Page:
It's better to give than to receive: Psychological need satisfaction mediating links between wasta (favouritism) and individuals' psychological distress

Tarik Abdulkreem Alwerthan, Dena Phillips Swanson, Ronald David Rogge
Published Online:
26 May 2017
Volume/Issue No:
Volume 53 Issue S1

Additional Options

Wasta (i.e. the distribution of favours among family, friends and tribe; favouritism; nepotism) permeates numerous Middle Eastern cultures, representing a method of strengthening social ties and showing loyalty/generosity, but also representing one of the largest sources of corruption in Middle East. The current study investigated links between wasta and psychological distress in a survey of 1088 educators from Saudi Arabia. Drawing from the self‐determination theory (SDT) conceptual framework, Structural Equation Modeling analyses suggested that benefitting from wasta was linked to higher levels of psychological distress and those links were explained in part (i.e. mediated) by lower levels of autonomy, competency and relatedness. In contrast, providing wasta was associated with higher levels of need satisfaction and correspondingly lower levels of distress. Implications are discussed in terms of the SDT, discrimination and helping behaviour literatures.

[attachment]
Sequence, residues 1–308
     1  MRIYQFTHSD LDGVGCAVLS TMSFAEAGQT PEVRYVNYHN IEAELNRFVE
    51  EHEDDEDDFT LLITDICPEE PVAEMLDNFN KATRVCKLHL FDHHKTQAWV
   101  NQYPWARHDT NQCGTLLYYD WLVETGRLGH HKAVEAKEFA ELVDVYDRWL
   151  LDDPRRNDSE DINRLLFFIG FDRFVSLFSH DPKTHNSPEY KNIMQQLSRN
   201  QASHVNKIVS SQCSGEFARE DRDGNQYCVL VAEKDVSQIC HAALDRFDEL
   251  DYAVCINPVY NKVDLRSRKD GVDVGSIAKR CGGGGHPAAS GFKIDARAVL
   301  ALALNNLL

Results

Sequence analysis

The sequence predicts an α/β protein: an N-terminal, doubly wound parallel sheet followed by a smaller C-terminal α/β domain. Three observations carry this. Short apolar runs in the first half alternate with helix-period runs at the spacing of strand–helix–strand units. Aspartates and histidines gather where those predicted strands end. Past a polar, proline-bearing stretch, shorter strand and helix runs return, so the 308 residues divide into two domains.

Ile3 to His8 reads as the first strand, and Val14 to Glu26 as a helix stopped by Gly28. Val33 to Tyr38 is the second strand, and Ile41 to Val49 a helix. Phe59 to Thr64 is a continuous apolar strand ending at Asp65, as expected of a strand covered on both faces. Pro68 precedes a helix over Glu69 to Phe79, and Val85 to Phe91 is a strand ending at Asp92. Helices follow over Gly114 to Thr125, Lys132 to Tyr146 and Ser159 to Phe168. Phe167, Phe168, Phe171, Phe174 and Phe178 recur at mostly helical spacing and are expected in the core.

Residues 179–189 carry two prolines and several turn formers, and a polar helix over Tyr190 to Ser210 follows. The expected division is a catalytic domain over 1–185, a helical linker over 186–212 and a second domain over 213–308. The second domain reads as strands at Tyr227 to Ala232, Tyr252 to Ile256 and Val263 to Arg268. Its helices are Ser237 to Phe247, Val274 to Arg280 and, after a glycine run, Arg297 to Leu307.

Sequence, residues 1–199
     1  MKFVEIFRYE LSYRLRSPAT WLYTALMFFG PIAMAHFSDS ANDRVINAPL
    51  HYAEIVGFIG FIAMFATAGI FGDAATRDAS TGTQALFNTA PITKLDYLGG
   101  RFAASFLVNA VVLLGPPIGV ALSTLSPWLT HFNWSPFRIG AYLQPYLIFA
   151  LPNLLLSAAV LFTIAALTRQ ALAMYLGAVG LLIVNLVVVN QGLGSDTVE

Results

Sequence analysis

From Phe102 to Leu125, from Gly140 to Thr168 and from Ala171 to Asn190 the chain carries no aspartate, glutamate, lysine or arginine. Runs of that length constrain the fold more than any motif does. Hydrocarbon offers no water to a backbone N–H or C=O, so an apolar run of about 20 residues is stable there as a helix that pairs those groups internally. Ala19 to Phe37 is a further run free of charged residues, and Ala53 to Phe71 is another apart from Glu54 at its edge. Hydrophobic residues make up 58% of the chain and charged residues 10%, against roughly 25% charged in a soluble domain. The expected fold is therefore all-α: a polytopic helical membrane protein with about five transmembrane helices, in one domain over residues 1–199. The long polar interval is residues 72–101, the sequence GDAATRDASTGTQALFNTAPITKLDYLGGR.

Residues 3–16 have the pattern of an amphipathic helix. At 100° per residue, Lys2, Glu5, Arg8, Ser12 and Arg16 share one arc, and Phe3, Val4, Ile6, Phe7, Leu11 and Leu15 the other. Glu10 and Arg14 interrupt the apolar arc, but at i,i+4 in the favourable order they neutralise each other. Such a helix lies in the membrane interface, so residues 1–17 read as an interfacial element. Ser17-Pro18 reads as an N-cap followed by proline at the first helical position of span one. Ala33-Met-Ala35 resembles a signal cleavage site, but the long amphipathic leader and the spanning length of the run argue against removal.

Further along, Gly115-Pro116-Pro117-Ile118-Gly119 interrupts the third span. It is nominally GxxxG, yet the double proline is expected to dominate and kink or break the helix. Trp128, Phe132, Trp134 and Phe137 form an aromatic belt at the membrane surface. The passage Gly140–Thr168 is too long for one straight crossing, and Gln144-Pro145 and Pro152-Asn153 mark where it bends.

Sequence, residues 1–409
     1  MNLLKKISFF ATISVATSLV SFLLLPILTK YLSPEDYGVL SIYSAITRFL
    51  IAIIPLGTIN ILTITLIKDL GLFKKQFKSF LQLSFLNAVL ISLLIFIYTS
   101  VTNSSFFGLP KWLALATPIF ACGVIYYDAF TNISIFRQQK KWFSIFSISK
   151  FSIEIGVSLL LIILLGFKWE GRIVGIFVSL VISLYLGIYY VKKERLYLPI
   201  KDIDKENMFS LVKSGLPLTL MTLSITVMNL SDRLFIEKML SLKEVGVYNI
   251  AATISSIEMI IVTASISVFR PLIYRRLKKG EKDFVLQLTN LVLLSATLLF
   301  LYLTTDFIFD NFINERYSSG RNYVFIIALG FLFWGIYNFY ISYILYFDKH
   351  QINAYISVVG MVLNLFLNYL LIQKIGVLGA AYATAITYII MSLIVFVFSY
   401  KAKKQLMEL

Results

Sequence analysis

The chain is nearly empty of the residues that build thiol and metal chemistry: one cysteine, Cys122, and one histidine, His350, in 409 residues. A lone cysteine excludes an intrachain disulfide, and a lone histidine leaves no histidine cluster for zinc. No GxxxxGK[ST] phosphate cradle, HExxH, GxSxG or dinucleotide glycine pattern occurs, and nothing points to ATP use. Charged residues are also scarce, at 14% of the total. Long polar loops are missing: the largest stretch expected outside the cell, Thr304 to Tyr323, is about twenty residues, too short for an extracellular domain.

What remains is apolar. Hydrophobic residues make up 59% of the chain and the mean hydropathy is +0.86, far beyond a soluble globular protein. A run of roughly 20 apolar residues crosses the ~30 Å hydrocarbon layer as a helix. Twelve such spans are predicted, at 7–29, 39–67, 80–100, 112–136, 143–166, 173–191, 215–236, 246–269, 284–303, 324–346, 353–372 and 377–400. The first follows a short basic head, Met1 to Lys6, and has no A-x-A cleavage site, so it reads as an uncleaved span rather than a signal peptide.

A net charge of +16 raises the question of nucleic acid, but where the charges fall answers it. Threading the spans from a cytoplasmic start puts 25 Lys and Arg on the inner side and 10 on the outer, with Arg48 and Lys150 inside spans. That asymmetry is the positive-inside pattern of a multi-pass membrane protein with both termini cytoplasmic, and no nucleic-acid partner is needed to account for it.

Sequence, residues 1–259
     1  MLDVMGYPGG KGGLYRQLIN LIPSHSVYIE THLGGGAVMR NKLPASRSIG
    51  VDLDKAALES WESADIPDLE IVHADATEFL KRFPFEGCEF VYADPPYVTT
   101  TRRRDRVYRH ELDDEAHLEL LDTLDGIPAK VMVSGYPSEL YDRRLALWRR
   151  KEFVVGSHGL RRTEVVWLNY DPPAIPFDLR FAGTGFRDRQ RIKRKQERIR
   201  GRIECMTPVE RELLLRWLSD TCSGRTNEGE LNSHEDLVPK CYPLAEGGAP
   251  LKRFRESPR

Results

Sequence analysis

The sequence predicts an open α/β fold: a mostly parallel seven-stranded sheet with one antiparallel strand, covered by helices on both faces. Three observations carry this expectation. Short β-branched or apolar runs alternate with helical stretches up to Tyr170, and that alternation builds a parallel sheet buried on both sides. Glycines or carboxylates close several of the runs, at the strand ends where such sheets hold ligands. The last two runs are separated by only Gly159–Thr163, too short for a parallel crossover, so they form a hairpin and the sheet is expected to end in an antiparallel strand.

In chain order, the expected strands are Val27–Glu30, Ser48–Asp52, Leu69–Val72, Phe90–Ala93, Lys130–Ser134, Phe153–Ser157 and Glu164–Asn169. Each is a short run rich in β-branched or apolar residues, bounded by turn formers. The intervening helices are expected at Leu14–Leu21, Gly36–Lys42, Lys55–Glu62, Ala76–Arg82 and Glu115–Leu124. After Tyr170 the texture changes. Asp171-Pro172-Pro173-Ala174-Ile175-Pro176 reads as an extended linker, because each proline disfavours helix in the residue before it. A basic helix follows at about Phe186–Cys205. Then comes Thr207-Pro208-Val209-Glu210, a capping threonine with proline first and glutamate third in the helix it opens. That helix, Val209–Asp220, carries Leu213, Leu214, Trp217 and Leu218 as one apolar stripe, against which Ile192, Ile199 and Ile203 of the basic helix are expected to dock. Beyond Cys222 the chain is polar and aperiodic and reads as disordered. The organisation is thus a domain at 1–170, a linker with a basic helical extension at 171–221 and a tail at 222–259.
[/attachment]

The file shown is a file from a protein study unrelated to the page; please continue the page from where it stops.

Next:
© 2017 International Union of Psychological Science